6. Yuck. Yuck (Fat Possum). Big meaty hooks. Bouncy melodies mixed with searing feedback distortion amid crunchy guitar riffs. This is a princely mix of power pop and punk, served up in a concoction that recalls the halcyon days of Dinosaur Jr. It grabs you by the throat and won’t stop shaking it. Will make you wish you were young enough to head to your nearest mosh pit. Think Kinks in their head banging swinging London days and you’ll get the idea. (London is their hometown) Find “The Wall” or “Get Away” on YouTube and prepare to have your world rocked.
7. The King is Dead. The Decemberists (Capitol). Colin Meloy’s swansong with the Decemberists is his most radio-friendly collection of tunes and, not too surprisingly, it has sold more than any of his earlier, more acerbic, albums and made the band more popular than ever. I caught two of their shows this year, one in Philly at the Academy of Music and a second show at the Ryman Auditorium in Nashville. Both shows relied heavily on the string of hits here: “Don’t Carry It All,” “Calamity Song,” Down By the Water” and “This Is Why We Fight” are among the catchiest tunes Meloy has ever penned. A great folk rock album in the tradition of Fairport Convention and Pentangle.
8. Whokill. Tuneyards. (4AD). Merrill Garbus has such an unforgettable, distinctive voice that this quirky debut stood out as one of the year’s most captivating records. Channeling the Afro-pop vibe of Fela Kuti, Garbus uses her voice more as an additional instrument than as a source of personal angst or political commentary, both of which find a way into her message. Garbus uses drum and vocal loops to create a mesmerizing mixture of wails and beats. When I caught her show this year at Philly’s new concert venue, the Union Transfer, the trickery wore thin on me after about an hour. But my son and youngest daughter (big fans of the band) were all in. “Bizness” is the song to hear if you want to sample this exotic dish.
9. Helplessness Blues. Fleet Foxes (Sub Pop). It took a while to warm up to the Fleet Foxes sophomore effort. To my ears, there was no stand-out single that was appealing as “White Winter Hymnal” on their eponymous first album. But as the year went on, I kept returning to this record and each time I was rewarded with something that stuck with me and sounded fresh. The band’s harmonies, their hallmark, are as soaring and inspirational as ever. Writer and lead singer Robin Pecknold’s arrangements build from creeping, slow crescendos into sweeping orchestral moments of sheer sonic bliss. Besides, the Welch disc, this was the best folk CD I heard all year, in a year that was loaded with folk diamonds. The title track, "Bedouin Dress” and “Lorelei” stand out.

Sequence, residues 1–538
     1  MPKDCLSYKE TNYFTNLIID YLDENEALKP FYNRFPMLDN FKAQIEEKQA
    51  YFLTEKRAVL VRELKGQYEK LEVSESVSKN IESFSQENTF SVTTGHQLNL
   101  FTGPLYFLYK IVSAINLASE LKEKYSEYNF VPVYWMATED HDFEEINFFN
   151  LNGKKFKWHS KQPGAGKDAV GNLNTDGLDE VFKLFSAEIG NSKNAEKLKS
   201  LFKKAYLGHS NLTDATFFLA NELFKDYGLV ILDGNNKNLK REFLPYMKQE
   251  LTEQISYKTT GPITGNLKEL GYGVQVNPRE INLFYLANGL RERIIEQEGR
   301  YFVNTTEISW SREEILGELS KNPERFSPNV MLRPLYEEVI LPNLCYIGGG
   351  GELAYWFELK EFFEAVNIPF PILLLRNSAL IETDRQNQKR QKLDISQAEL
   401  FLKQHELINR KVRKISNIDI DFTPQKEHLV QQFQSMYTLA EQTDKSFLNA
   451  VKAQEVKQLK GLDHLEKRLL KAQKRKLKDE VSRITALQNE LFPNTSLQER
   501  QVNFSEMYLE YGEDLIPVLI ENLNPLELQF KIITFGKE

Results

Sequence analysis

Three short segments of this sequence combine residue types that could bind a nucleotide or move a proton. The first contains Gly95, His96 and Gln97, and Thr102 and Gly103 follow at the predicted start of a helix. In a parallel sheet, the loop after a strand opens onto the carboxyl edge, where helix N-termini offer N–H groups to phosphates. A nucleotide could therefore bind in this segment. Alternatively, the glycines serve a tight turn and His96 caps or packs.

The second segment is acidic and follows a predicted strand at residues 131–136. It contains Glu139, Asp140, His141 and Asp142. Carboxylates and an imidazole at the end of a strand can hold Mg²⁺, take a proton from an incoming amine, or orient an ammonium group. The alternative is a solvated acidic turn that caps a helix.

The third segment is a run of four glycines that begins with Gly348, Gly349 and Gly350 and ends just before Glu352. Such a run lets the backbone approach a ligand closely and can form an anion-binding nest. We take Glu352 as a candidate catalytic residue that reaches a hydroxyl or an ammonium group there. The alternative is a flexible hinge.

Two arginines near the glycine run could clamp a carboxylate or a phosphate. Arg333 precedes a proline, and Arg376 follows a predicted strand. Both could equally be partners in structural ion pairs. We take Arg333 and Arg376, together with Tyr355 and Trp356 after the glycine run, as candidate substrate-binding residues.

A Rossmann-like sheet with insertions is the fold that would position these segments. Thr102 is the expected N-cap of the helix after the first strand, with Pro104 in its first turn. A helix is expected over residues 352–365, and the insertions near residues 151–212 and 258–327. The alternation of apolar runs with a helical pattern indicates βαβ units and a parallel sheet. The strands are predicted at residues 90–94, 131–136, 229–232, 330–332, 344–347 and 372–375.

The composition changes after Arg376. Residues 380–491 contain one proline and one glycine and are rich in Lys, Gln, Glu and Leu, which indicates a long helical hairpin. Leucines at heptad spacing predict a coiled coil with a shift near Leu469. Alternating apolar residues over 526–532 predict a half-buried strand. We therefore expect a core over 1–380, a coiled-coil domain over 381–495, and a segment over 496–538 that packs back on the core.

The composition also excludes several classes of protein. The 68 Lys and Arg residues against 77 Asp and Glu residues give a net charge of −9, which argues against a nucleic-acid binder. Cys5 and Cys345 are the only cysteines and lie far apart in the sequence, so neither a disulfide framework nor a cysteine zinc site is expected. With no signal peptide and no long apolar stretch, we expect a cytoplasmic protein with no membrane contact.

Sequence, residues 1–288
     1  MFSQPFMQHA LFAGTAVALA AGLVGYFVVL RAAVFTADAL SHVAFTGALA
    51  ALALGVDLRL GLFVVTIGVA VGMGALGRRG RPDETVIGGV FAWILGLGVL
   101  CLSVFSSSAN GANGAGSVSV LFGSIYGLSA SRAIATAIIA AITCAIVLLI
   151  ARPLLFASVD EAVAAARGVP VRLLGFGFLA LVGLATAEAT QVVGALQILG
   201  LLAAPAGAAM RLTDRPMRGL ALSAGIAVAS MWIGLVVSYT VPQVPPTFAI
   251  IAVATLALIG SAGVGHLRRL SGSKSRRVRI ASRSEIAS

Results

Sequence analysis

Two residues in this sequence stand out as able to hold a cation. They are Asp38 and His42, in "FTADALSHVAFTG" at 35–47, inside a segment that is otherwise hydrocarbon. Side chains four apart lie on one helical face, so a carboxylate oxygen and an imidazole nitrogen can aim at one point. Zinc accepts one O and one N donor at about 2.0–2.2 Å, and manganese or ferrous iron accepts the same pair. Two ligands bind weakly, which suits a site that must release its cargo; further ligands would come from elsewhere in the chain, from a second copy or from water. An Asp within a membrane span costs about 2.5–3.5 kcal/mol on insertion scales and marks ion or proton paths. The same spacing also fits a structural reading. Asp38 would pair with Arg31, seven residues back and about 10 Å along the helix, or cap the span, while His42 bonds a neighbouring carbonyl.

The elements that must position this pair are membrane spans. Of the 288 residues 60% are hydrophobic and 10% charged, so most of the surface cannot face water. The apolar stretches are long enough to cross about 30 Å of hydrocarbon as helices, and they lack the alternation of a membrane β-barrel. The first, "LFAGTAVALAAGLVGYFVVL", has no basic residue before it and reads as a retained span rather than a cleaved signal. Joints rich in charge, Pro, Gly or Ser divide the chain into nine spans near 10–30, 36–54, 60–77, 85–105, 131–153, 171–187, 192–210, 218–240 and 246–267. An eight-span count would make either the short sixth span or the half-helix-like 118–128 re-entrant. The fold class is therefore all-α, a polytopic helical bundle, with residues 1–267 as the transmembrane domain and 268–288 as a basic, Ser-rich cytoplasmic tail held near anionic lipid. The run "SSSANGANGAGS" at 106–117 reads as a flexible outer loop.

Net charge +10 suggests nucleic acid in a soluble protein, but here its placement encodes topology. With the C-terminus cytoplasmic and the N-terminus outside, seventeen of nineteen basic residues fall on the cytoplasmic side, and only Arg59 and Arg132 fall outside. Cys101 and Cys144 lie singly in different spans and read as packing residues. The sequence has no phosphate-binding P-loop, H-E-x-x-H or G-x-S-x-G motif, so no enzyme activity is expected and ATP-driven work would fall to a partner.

10. Bad As Me. Tom Waits (Anti). Tom’s first studio album since 2004 was worth the Wait. It’s his best collection of original material since 1992’s “Bone Machine,” but far less experimental and weirdly dissonant than that collection. Waits is channeling his inner blues muse on this album and the songs are far more focused (and shorter) than he tends to churn out. Never a great singer, his raspy voice still sounds as if he’s been smoking charcoal and drinking refrigerant. But this time the songs are jubilant and danceable and Waits is in full-tilt boogie party mode. “Get Lost” and the closer, “New Years Eve” are highlights.
The albums that came close to making my list, in alphabetical order:
Chief, Eric Church (EMI); Cannibal Courtship, Dengue Fever, Concord); Small Craft On a Milk Sea, Brian Eno (Opal) Speed of Darkness, Flogging Molly (Borstal Beat); Eye Contact, Gang Gang Dance (4AD); Ancient & Modern, the Mekons, (Sin); Reverie, Joe Henry (Anti) Middle Brother, Middle Brother (Partisan); Kiss Each Other Clean, Iron & Wine (Warners). Soul Time, Sharon Jones and the Dap Kings (Daptone); Smart Flesh, the Low Anthem; Dakar-Kingston, Youssou Ndour (Decca); So Beautiful or So What, Paul Simon (Concord); Wild Flag, Wild Flag (Merge).
The top 20 songs of the year: 1) “Rider”, Okkervil River; 2) “Calamity Song,” The Decemberists; 3) “Bizness,” Tuneyards; 4) “Don’t Owe You a Thang,” Gary Clark Jr., 5) “Fire Away,” Dawes; 6) “Dark Turn of Mind,” Gillian Welch; 7) “The Wall,” Yuck; 8) “Portland” Middle Brother; 9) “Don’t Shut ‘em Down,” Flogging Molly; 10) “Space In Your Race”, the Mekons; 11) “Glass Jar,” Gang Gang Dance; 12) “Putting the Dog to Sleep,” the Antlers; 13) “Homeboy,” Eric Church; 14) “You Were Never There,” Diego Garcia; 15) “Get Lost,” Tom Waits; 16) “Barton Hollow,” The Civil Wars; 18) “The Afterlife,” Paul Simon; 19) “Bedouin Dress,” The Fleet Foxes; 20) “Change the Sheets”, Kathleen Edwards.